* A look at the day ahead from European Economics and Politics Editor Mark John and Nigel Stephenson, specialist editor, EMEA markets. The views expressed are their own.
LONDON, Dec 18 (Reuters) - European leaders as expected gave the thumbs-down last night to British Prime Minister David Cameron's plan to restrict benefits for EU migrant workers but did give him space to walk out of late-night Brussels talks saying there was a "pathway" to a deal in February.
France's Francois Hollande also let slip that a mid-2016 date for the UK's referendum on EU membership was in discussion -- swiftly denied by Downing Street. On the other main issue of the summit, there was broad agreement to fast-track plans to create an EU border guard.
Russia-related themes will dominate today's talks. Italian Prime Minister Matteo Renzi has demanded that the leaders discuss a deal between Russia's dominant gas producer Gazprom and its European partners on the Nord Stream-2 project boosting shipments from Russia to Germany, but undermining Italy's goals of forging a southern gas hub.
While that will no doubt allow Renzi to let off some steam, it should not stop agreement on the renewal of EU sanctions on Russia over the Ukraine conflict later in the day.
Spanish voters go to the polls on Sunday and just about the only thing that is certain at this stage is that no party will be in a position to govern alone for the first time since the end of the Franco dictatorship in the 1970s.
That is a symptom of the wider fracturing of support for Europe's mainstream parties since the 2008/09 economic crisis but also an indictment of the levels of corruption and ineptness in Spain's political elite. The ruling centre-right PP of Mariano Rajoy will likely end up with the most votes but whoever ends up in power depends on the level of support for the other three main parties in the contest - the opposition Socialists, the hard-left Podemos and liberal upstart Ciudadanos. Coalition negotiations will be tough and lengthy. At this stage a left-wing alliance similar to that in neighbouring Portugal cannot be ruled out.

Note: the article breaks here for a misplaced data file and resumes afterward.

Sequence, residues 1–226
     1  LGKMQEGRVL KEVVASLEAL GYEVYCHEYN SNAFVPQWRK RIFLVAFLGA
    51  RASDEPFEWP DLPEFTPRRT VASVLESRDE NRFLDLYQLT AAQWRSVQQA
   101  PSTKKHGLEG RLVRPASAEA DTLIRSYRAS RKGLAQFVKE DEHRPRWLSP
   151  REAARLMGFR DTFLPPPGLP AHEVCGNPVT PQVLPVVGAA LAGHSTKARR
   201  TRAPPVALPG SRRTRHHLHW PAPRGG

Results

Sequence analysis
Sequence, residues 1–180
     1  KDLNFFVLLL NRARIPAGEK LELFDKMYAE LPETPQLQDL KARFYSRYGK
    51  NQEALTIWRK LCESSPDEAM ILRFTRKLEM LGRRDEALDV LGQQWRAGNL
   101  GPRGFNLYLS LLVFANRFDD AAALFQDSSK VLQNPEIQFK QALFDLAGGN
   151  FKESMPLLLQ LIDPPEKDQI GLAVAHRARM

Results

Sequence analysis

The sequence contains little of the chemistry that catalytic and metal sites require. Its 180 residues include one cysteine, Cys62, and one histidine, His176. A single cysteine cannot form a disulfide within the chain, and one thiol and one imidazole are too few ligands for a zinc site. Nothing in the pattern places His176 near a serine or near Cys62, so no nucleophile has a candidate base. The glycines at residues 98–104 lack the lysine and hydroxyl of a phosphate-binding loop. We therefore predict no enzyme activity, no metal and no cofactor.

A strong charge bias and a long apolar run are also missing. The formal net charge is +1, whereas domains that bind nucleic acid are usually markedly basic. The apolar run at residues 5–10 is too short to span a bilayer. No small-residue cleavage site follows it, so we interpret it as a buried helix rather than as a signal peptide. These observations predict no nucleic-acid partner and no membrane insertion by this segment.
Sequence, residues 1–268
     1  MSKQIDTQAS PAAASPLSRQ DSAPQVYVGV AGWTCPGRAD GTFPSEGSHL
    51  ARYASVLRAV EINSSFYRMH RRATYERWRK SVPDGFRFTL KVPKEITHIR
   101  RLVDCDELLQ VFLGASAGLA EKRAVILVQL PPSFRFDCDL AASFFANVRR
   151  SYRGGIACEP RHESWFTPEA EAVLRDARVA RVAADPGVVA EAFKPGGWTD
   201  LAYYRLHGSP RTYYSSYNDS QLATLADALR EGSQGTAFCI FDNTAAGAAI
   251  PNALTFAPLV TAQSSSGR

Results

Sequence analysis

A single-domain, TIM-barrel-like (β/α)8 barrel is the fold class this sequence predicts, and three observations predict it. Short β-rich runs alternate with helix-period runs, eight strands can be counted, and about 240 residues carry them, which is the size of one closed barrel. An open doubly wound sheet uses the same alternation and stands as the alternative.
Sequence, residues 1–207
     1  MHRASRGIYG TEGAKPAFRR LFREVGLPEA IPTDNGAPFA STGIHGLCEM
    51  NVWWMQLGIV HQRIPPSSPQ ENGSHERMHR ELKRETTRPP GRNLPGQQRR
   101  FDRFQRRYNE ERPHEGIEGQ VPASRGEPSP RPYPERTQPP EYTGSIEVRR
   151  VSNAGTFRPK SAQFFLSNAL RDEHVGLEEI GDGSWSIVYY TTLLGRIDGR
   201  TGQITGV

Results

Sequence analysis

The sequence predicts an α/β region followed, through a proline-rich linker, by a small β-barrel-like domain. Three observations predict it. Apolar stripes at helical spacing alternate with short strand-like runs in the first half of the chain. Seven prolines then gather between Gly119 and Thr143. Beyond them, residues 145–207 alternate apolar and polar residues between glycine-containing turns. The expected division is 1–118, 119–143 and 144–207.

MARKETS European shares opened lower, following Asian shares after Wall Street retreated on worries about global growth reflected in falling commodity prices. That called a halt to a three-day rally. Stocks had risen on Thursday after the Fed rate rise, which was broadly seen as a vote of confidence in the economy. One consequence of the Fed hike that is not going to help the rest of the world is the stronger dollar. The U.S. currency is pulling back a bit on Friday (as it has after most other recent turns of the cycle), particularly against the yen after the Bank of Japan tweaked its stimulus programme. Where the dollar goes from here is a key question. U.S. Treasury yields are falling, especially at the long end, suggesting investors are not persuaded the Fed will raise rates as much as policymakers have forecast.
Upcoming events/data/themes for market reports on Friday:
* French PPI up 0.1 pct m/m
* Euro zone current account 0900 GMT
* U.S. Markit flash svcs/comp PMI
* U.S. KC Fed index 1600 GMT
* Fitch ratings reviews on Egypt and Serbia
* Brazil inflation
* Angolan forex reserves
(editing by John Stonestreet)
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